Over the years cell phones have evolved into a tiny handheld computer full of useful information that most people carry these days. Several of them are so affordable that there’s really no excuse not to have one. It’s also quite easy to get in touch with someone and communicate with them. Let’s check out these emergency forms of communication. In case you missed this post, Reverse 911 Emergency Notification System-Please Sign Up Today
Emergency Forms of Communication
But what happens when all cell phones and cell towers are rendered useless following a major disaster? Not something that you may think of too often, but one that’s important for you to answer for your own safety.
How will you be able to communicate with your loved ones that live in other parts of the country, or even just the other side of town? In your current situation, chances are, you won’t. It’s vital that you have other methods of reaching family and friends besides relying on a cell phone screen that one day is left blank. Here are a number of different emergency forms of communication that you need to know about.
If an emergency or other disaster were to hit your area, there’s the real likelihood that your mobile network would be experiencing a surge in users, causing disruption on your end. Even if the line is saying that it’s busy, you can always use your cellphone to text or email messages to those close to you.
Social media is another form of communication that can be used in an emergency. Facebook Safety Check is just one of the many great ways to determine if your loved ones are in a safe place following a disaster. Google Crisis Response is another one of those helpful platforms that can alert first responders, as well as for those that are needing to be rescued.
Landlines certainly aren’t as popular as they once were, but they can be helpful if your cell phone or electronic device is limited or no longer functioning properly. Not only will it provide you with peace of mind, but it’s fairly inexpensive these days as well. If you’re dealing with a power outage for a number of days and you have no way of charging your cell phone, a landline would be a lifesaver.
What About When the Power Goes Out?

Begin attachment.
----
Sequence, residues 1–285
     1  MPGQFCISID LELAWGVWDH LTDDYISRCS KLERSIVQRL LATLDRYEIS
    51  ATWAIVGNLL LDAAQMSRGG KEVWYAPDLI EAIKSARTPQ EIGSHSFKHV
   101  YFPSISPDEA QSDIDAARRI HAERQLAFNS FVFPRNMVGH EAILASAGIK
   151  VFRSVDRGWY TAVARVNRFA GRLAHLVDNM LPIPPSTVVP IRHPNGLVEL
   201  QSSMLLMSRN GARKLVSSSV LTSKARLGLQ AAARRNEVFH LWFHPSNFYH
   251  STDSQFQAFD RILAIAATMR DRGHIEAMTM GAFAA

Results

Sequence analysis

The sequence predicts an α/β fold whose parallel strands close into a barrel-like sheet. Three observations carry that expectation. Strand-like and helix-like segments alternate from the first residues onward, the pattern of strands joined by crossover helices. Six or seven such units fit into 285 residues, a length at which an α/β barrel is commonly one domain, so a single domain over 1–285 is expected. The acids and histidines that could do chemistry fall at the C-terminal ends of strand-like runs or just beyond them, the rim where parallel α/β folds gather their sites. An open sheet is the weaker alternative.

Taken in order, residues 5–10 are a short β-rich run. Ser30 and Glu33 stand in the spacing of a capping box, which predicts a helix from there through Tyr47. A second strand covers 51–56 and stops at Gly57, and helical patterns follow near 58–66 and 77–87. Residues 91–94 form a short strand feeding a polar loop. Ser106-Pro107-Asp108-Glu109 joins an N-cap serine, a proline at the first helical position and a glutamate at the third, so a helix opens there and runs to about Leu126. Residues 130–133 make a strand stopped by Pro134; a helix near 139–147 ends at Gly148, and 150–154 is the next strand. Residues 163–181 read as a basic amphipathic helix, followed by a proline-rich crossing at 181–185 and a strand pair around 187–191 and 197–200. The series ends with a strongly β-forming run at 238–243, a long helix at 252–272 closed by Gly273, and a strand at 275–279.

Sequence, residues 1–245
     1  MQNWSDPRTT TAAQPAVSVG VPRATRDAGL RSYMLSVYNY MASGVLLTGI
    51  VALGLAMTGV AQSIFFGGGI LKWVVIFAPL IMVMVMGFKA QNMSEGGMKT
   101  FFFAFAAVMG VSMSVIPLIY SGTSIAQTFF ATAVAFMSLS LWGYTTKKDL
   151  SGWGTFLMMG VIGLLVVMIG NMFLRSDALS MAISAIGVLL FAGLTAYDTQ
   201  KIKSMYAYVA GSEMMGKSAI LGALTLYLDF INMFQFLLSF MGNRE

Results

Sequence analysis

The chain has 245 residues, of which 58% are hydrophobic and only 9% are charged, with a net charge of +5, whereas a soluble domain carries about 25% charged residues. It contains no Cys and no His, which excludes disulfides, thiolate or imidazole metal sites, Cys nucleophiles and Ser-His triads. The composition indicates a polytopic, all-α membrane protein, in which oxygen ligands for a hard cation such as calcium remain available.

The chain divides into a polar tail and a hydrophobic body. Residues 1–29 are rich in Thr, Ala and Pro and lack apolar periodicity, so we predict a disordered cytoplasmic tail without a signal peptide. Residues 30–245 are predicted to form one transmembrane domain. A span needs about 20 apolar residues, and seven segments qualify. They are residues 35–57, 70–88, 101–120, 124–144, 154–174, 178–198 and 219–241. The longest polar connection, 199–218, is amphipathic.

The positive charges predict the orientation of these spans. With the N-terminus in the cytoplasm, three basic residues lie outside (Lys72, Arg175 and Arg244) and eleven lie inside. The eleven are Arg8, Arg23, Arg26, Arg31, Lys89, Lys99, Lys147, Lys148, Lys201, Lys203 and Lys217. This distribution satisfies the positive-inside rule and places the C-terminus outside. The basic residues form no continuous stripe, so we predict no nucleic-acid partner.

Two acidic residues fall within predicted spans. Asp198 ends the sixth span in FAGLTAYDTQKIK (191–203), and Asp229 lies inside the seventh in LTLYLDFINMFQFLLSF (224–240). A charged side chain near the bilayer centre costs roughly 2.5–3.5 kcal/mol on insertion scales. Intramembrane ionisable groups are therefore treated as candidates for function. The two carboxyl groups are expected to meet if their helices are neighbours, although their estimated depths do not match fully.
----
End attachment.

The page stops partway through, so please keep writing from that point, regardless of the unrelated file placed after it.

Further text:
So all of these previous forms of emergency communication are extremely beneficial to have, but what happens after the internet or the power’s gone out? Here’s a look at several different ways to communicate that don’t involve electricity or Wi-fi service.
One of the best and most reliable ways to stay connected with members of your group is to get yourself a 2-way radio, or in other words, a pair of walkie-talkies. A 2-way radio set on a particular station/channel will allow you to stay in contact with someone instead of fighting to stay on a cell phone line. That’s because it may prove to be more difficult when the mobile network is experiencing a surge of calls.
No, you obviously won’t be able to communicate on a police scanner, but you will have access to reliable and crucial information following a disaster. You’ll be able to hear from police dispatch, fire, emergency rescue, aircraft, and military industries so that you know what is going on in your area.
Citizens Band Radio (CB Radio)
Mostly only used by truckers today, a citizens band radio has a number of frequencies that can be used in emergency situations. A CB radio is an especially useful tool for short-distance communication. It works better than a 2-way radio, with more functions and is also slightly more complex. Channel 9 is generally the frequency that is used for communicating during an emergency for those who know little about CB radios.
Satellite Phone (Satphones)
You may notice that satellite phones are more on the pricier side, but if you live in an area where internet access is extremely limited, it would certainly be worth the investment. There are some satellite phones that have coverage all over the world because they depend on orbiting satellites instead of having to depend on cell towers for frequency.
When cell phones, social media, and landlines all fail you, a HAM radio is one you should consider as a great backup plan. Your typical HAM radio handset will get you at least 10+ miles of communication, on average. When you add a repeater to that, you’re able to achieve communication with someone living halfway across the country.
Just be sure that you carry a repeater guide for your area instead of depending on the programming in the radio. If you plan to contact other family members living miles away, make sure that you share with them your frequency station, along with what time you will be listening.
When it comes down to it, no one is ever 100% prepared and ready for a disaster or other type of emergency. But the ball is in your court whether your family is still left in the game long afterward. We take for granted how crucial communication can be, but following a major disaster it can be the difference between life and death.
To keep your lines of communication open, it wouldn’t hurt for you to consider using at least two or three of these methods of communication after the lights and the power have gone out. If you’re not able to carry them, find a safe place that you can store them until they’re most necessary. A natural disaster or emergency can strike at any moment.
Are you prepared? What are your favorite emergency forms of communication? Please be prepared now, we must. May God bless this world, Linda
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